Skeptic Ginger is offline   Quote this post in a PM   Nominate this post for this month's language award Copy a direct link to this post Reply With Quote Back to Top
Old 4th April 2012, 03:49 PM   #58
Brown
Penultimate Amazing
 
Brown's Avatar
 
Join Date: Aug 2001
Posts: 12,984
Originally Posted by Skeptic Ginger View Post
No finished draft yet but I'm getting closer to the whole draft re-write. The way I've been tackling the task is to write and re-write whole scenes. What I haven't done is decide how I'm going to order the scenes. There are two separate parts to the book and in each part the story will not be chronological, but instead flashbacks occur throughout.

I work on one part in the book for a while then switch and work on the second part. The protagonists differ in each half with a single character that interacts with both. At first I was going to have the single character be the protagonist in the second half of the story but now I've brought another character to the forefront and I'm deciding how I like the story better.
Would you agree that it is the re-writing and self-editing and "polishing" that REALLY eats up the time? Or is it just me?

In my case, simply writing out the story or the basic plot takes comparatively little time. But going back and reworking, changing one thing here which means I need to change something else there, reading everything aloud, looking for any holes or inconsistencies (which are NOT obvious to the author, because the author is familiar with the story, but which WOULD be obvious to a reader who is not familiar with the story), moving a section to an earlier or later part, removing patterns and repeated figures of speech ... I could lose WHOLE DAYS on these tasks and wonder where those days went.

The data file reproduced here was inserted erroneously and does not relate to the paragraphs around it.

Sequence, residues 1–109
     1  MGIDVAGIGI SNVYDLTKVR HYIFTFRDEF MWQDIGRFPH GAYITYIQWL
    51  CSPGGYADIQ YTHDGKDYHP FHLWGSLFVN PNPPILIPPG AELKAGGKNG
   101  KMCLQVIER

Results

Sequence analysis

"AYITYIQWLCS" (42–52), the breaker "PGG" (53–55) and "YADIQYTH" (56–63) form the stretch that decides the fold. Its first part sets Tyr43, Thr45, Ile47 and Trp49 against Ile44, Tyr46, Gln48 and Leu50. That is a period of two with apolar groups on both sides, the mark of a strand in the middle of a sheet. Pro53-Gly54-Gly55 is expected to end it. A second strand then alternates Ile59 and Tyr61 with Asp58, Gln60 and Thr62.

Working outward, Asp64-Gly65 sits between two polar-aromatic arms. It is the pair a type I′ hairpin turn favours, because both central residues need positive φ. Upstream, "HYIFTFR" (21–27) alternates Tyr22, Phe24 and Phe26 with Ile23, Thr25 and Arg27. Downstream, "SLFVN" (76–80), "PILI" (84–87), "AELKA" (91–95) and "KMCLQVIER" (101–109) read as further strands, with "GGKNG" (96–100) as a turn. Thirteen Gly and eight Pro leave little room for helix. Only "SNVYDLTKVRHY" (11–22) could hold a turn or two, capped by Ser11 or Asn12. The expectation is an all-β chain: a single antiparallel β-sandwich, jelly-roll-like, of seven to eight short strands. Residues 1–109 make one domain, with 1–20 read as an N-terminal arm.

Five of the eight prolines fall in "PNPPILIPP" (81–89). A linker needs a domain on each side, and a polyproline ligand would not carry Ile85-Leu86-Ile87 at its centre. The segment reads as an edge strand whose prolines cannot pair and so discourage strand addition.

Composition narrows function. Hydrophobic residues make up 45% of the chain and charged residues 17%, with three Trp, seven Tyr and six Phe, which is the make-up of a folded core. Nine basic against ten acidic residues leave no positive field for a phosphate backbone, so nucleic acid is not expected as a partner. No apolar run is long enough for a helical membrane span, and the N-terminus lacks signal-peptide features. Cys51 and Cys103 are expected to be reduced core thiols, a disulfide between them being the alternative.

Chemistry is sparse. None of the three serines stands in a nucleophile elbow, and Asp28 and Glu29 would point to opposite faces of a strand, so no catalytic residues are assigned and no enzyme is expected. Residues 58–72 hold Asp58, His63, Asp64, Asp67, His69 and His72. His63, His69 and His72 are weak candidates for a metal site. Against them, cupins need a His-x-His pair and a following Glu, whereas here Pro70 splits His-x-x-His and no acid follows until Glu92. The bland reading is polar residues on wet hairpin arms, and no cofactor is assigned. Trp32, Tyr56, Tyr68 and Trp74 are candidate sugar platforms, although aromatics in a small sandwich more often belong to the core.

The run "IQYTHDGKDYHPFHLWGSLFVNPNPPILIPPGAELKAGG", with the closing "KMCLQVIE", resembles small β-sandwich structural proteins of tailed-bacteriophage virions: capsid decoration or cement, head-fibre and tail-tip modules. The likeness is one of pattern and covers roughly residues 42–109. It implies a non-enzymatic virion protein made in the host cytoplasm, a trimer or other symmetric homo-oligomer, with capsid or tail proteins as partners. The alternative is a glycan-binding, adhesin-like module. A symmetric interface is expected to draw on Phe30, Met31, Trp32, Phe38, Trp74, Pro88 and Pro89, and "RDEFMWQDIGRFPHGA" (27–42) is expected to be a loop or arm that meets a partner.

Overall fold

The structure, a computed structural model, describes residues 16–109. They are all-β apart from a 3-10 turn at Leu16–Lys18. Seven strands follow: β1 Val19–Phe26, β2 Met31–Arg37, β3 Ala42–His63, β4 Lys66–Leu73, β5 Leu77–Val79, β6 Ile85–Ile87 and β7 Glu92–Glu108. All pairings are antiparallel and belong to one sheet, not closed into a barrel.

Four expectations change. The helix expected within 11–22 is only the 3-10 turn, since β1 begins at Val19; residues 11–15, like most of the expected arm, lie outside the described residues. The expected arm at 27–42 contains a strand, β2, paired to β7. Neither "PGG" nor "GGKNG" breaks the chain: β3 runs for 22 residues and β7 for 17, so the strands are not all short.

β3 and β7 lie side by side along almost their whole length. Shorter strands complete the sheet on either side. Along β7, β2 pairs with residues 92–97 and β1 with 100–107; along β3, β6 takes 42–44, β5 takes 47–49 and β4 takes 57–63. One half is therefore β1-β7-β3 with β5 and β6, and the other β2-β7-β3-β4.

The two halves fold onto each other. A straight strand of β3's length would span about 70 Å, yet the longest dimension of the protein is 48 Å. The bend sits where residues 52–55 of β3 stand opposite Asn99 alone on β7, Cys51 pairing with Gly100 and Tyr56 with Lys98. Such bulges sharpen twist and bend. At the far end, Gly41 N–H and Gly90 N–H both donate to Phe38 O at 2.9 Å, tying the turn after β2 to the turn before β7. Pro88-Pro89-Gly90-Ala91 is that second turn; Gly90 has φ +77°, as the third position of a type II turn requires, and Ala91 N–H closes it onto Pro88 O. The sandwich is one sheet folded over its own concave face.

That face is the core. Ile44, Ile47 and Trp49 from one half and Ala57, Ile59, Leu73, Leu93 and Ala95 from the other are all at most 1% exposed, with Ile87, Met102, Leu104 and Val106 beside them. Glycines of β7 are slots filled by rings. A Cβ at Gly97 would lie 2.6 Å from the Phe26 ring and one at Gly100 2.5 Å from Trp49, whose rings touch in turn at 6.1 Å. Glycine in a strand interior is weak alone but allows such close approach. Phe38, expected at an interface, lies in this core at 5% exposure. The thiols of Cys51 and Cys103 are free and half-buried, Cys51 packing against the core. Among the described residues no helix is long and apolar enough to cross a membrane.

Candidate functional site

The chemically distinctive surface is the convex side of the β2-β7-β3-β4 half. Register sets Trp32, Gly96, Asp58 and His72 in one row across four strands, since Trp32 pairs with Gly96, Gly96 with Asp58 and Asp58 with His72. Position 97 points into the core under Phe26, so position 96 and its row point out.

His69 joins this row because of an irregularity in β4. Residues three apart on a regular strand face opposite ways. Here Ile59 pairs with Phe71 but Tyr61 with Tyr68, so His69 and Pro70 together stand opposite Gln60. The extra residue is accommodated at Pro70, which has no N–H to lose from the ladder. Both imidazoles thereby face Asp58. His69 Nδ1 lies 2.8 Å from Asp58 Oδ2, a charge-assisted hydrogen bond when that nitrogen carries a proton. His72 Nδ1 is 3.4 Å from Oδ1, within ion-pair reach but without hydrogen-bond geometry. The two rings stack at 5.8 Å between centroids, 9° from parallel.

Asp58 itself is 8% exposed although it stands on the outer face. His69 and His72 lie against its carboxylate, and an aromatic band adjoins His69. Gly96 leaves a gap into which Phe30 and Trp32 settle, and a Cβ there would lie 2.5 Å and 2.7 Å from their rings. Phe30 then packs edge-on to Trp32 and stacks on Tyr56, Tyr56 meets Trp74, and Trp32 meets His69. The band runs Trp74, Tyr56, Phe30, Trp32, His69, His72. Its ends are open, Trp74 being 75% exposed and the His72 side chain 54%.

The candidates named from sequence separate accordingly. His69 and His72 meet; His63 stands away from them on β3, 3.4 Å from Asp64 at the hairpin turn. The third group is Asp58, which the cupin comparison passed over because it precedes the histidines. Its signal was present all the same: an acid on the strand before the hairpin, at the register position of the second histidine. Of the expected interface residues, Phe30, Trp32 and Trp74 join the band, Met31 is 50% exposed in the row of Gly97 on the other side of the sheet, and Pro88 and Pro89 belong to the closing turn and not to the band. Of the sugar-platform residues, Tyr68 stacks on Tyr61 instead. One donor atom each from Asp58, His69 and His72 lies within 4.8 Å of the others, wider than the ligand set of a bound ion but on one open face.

__________________
Klaatu: I'm impatient with stupidity. My people have learned to live without it.
Mr. Harley: I'm afraid my people haven't. I am very sorry. I wish it were otherwise.
-- The Day The Earth Stood Still, screenplay by Edmund H. North

"Don't you get me wrong. I only want to know." -- Judas in Jesus Christ Superstar, lyrics by Tim Rice
Brown is offline   Quote this post in a PM   Nominate this post for this month's language award Copy a direct link to this post Reply With Quote Back to Top
Old 4th April 2012, 04:02 PM   #59
Beanbag
Illuminator
 
Beanbag's Avatar
 
Join Date: Jun 2003
Posts: 3,468
Originally Posted by Skeptic Ginger View Post
Say Beanbag and Dallas Dad, hope the twisters missed you and yours.
For me, lots of rain, though I saw a LOT of cars with broken-out rear windows from hail on the drive home that evening. We can use the rain, but the twisters can take a leave of absence.

Beanbag
__________________
Nothing divides an indivisible nation quite as well as religion.

Know god, no peace.
No god, know peace.

If Jesus is the answer, it must be a real dumb question.
Beanbag is offline   Quote this post in a PM   Nominate this post for this month's language award Copy a direct link to this post Reply With Quote Back to Top
Old 4th April 2012, 04:06 PM   #60
Tiktaalik
Half True Scotsperson
 
Tiktaalik's Avatar
 
Join Date: Sep 2006
Posts: 3,666
Originally Posted by Brown View Post
Would you agree that it is the re-writing and self-editing and "polishing" that REALLY eats up the time? Or is it just me?

In my case, simply writing out the story or the basic plot takes comparatively little time. But going back and reworking, changing one thing here which means I need to change something else there, reading everything aloud, looking for any holes or inconsistencies (which are NOT obvious to the author, because the author is familiar with the story, but which WOULD be obvious to a reader who is not familiar with the story), moving a section to an earlier or later part, removing patterns and repeated figures of speech ... I could lose WHOLE DAYS on these tasks and wonder where those days went.